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Sunday 10 February 2008

Israel Suffers from ADHD - Rabbi Michael Marmur

Reform Reflections: Israel suffers from ADHD
Israel suffers from Attention Deficit and Hyperactivity Disorder (ADHD).
We are so overloaded with events bearing heavy cargoes of moral
complexity; so stunned by sensory overload; that we often can give
nothing more than perfunctory attention to issues demanding profound
In the days since my last blog was penned (or keyboarded), so much has
happened: I am writing this with the radio on in the background -
Dimona, Gaza, Sderot, Winograd, Olmert, Barak, Egypt, and more
What is an appropriate religious response to this ADHD reality? A common
strategy is to claim that what we see on the surface is only a mask for
some concealed Truth. There is a code, a secret means of unlocking a
door leading to harmony and coherence. Often, this is presented as the
essence of Jewish belief. It may appear as though everything is an
unholy mess, but a True Believer knows that all is part of a holy master
plan. To doubt the plan is to doubt the Master.
If to believe is to claim that everything is fine beneath the surface,
then for some to love God means to strive for ecstatic union with the
Divine. Often a single-minded religious passion goes hand in hand with a
complicated and painful situation out in what passes for the "real
world." Rather than sinking in the mud of depression and ambiguity, we
can click our theological heels and suddenly everything is alright with
the world.
There is a third step in this dance. Having defined belief as the
decoding of hidden harmonies, and love of God as the pursuit of ecstatic
oneness, it only remains to re-introduce the metaphysics into the
political sphere. I don't know if I will ever be able to get used to the
sight of the portrait of the Lubavitcher Rebbe plastered all over the
country mouthing strident political statements. Those of us laboring
under the impression that his purported demise may have weakened his
credentials as a commentator on the latest news have simply got it
wrong. The mystical meets up with the polemical, and the results are a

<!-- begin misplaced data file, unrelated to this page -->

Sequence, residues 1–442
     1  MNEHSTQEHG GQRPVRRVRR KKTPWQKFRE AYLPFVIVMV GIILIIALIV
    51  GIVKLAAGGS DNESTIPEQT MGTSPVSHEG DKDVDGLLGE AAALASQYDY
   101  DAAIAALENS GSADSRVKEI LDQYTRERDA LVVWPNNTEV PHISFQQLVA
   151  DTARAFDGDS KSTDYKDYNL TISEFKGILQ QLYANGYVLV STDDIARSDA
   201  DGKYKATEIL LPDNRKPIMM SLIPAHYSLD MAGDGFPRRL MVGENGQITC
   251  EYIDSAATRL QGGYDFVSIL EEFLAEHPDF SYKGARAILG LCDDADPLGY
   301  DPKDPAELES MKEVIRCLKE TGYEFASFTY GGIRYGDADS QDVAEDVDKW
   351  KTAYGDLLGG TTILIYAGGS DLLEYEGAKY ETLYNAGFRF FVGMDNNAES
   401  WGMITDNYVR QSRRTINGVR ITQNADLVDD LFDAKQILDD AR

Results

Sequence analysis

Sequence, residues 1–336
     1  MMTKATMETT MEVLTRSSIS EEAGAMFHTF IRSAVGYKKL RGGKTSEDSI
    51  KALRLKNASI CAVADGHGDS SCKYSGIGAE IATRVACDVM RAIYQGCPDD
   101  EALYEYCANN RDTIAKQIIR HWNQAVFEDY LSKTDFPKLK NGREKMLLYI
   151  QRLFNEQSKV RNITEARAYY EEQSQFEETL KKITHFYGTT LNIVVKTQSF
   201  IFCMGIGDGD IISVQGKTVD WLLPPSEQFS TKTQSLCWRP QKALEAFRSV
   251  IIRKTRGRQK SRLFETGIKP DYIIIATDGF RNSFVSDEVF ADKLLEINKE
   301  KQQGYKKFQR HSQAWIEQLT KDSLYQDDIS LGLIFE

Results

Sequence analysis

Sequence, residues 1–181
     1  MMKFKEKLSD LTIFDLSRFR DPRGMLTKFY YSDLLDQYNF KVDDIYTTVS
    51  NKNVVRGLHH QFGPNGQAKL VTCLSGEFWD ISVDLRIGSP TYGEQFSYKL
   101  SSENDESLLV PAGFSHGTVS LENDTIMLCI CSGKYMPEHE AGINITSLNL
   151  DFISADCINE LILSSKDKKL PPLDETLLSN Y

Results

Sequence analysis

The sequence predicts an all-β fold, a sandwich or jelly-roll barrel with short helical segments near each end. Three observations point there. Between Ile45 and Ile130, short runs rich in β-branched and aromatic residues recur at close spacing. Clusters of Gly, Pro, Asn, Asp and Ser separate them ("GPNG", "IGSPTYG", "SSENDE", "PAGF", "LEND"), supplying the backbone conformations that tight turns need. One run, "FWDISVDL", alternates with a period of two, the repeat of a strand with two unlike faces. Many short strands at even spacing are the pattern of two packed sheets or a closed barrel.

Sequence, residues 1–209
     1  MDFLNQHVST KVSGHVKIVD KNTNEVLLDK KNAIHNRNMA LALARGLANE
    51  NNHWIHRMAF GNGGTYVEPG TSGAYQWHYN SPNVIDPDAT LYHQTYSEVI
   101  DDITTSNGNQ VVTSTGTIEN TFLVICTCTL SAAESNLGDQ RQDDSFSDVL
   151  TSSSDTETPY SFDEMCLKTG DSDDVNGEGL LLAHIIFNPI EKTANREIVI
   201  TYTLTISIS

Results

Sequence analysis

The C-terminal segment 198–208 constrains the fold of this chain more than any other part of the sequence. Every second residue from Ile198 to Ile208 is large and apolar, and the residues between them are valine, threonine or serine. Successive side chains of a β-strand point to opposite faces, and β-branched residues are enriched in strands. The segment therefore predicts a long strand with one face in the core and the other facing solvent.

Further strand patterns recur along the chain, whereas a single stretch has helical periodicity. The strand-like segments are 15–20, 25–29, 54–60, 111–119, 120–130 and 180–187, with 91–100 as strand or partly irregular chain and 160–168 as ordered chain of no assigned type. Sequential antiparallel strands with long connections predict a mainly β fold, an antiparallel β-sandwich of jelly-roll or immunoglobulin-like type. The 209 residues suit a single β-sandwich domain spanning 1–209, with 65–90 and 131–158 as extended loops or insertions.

dangerous cocktail of the bigoted and the bizarre.
There is another way. A rabbi here in Israel has come out against the
notion that human beings can love-cling to God in some physical sense.
He has made the radical suggestion that the way to express devekut,
cleaving to God, is to do good things in the world: to support education
and social justice, to stand for what is right. He argues that since God
is unknowable and untouchable, the best we can hope for is to do some
good for God's creatures.
This approach stands in direct opposition to the view that Jewish belief
is like a sophisticated de-scrambler, helping us find the truth behind
the diversions of "real life." According to this Rabbi's view, it is
only by facing the tough realities around us and determining to make a
difference that we can come to serve God. To love God, this Rabbi tells
us, is to act in such a way that the name of Heaven is made lovable by
your actions.
The Israeli rabbi I am quoting is Rabbi Ishmael, son of Elisha. He lived
here some 1850 years ago (in a time when Ishmael was still a name for a
nice Jewish boy), and his thoughts are recorded throughout Rabbinic
Scholars are divided on the question of Rabbi Ishmael's political
commitment. Some sources suggest he was a strident nationalist, but in
any case there can be little doubt of the contrast between him and his
great contemporary and rival, Rabbi Akiva. It was Rabbi Akiva who
promoted a vision of Judaism which understood love of God in its most
literal sense, and which ultimately translated into a political program
which ended in martyrdom and national disaster.
Now Rabbi Akiva is in no need of support from me. That his reputation
goes beyond his political record will be exemplified this week in
London, England, where the Reform Movement will mark the construction of
the Akiva School. His interlocutor Rabbi Ishmael has had a less
successful afterlife, and his name and reputation are less well known:
the prospect of a Jewish youth movement called B'nei Ishmael is still
It may be that in our day, and in the craziness of ADHD Israel, the
pragmatic and socially-involved voice of engagement and faith epitomized
by Rabbi Ishmael needs to be heard. There's no need to worry on Rabbi
Akiva's behalf – his would-be heirs are to be found in the Knesset, in
houses of study, on illegal settlements, in every corner. But those who
suggest that the sons of Akiva are the only legitimate heirs of the
Jewish religious tradition are silencing Rabbi Ishmael, and doing a
great disservice to us in our current predicament.
There is a strong Jewish tradition of facing up to tough conditions
without flinching or flaking. In this version of our tradition, to
believe is to hold on to a vision of a better tomorrow with fidelity and
yet also with realism. You don't have to deny our grim situation in
order to prove the depth of your faith: acknowledging it may be the best
proof of faith. In this version, to love God is to demonstrate love and
care for God's creatures. In this version, Jewish politics will be less
about wild-eyed fundamentalism, and more about open-eyed religious humanism.
When a child suffers from ADHD, they are given medication to help them
focus and stay calm. Too much medication, and they are silenced. Too
little, and they cannot get a grip. Marx was wrong: religion is not the
opium of the masses. Maybe, however, it can be the Ritalin of the Jews.


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